Breeding in the wild
Breeding in the wild is the natural process of animal reproduction occurring in the natural habitat of a given species. This terminology is distinct from animal husbandry or breeding of species in captivity...

. Parapatric speciation is modelled on continuous variation within a 'single', connected habitat acting as a source of natural selection rather than the effects of isolation of habitats produced in peripatric and allopatric speciation.

Ecologists refer to parapatric and peripatric speciation in terms of ecological niches. A niche
Ecological niche
In ecology, a niche is a term describing the relational position of a species or population in its ecosystem to each other; e.g. a dolphin could potentially be in another ecological niche from one that travels in a different pod if the members of these pods utilize significantly different food...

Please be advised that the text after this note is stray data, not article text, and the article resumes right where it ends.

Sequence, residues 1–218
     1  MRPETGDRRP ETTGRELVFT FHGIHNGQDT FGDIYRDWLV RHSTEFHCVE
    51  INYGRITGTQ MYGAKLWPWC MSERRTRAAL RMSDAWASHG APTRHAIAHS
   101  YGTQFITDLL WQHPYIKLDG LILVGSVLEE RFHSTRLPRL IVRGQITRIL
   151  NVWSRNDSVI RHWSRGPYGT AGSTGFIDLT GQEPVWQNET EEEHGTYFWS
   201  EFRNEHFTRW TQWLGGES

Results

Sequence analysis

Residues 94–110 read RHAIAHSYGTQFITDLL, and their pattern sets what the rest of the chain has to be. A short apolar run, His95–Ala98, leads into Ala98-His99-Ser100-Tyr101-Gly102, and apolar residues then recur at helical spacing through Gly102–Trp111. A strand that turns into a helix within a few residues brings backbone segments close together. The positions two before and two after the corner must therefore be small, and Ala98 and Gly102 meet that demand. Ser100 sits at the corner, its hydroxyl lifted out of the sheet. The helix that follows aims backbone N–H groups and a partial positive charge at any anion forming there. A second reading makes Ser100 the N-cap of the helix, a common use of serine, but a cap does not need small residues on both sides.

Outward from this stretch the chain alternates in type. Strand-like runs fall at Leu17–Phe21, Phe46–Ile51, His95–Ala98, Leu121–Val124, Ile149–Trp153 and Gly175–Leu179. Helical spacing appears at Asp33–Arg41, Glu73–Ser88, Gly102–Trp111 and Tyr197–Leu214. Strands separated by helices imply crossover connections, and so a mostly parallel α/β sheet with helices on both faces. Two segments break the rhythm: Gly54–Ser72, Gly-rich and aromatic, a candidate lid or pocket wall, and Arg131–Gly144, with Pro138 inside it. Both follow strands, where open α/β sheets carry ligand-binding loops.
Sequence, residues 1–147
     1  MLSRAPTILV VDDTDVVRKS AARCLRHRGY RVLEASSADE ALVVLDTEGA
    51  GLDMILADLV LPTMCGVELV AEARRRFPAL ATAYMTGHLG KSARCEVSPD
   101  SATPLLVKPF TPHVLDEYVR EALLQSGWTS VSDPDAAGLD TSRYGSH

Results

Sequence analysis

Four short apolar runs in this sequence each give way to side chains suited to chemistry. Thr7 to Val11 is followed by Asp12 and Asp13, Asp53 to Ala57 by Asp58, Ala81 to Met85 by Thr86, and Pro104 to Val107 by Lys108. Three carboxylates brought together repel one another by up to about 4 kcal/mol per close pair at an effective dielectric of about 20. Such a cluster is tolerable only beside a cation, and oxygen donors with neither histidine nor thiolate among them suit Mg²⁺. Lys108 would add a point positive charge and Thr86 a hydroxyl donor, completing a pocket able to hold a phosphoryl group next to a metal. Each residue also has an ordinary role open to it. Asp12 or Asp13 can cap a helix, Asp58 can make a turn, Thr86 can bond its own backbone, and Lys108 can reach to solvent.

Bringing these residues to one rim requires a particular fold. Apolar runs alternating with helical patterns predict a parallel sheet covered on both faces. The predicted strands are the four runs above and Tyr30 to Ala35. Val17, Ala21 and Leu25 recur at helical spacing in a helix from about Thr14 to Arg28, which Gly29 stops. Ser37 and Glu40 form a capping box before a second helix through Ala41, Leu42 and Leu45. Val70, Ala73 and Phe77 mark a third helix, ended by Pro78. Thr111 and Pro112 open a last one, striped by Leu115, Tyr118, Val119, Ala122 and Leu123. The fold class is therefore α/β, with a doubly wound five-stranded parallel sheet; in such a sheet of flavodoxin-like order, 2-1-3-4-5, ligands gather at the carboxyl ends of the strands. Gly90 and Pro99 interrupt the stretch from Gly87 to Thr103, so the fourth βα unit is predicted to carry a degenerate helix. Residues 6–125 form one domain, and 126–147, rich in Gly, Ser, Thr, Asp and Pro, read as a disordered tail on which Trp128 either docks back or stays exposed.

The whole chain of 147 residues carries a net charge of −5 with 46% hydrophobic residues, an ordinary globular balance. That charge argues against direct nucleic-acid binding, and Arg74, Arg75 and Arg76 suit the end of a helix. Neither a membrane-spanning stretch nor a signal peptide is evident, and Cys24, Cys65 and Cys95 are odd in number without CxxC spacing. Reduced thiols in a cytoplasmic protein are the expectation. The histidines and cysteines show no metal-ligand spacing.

must be available in order for a new species to be successful.

Observed instances
  • Ring species
    Ring species
    In biology, a ring species is a connected series of neighboring populations, each of which can interbreed with closely sited related populations, but for which there exist at least two "end" populations in the series, which are too distantly related to interbreed, though there is a potential gene...

    • The Larus
      Gull
      Gulls are birds in the family Laridae. They are most closely related to the terns and only distantly related to auks, skimmers, and more distantly to the waders...

      gulls form a ring species around the North Pole
      North Pole
      The North Pole, also known as the Geographic North Pole or Terrestrial North Pole, is, subject to the caveats explained below, defined as the point in the northern hemisphere where the Earth's axis of rotation meets its surface...

      .
    • The Ensatina
      Ensatina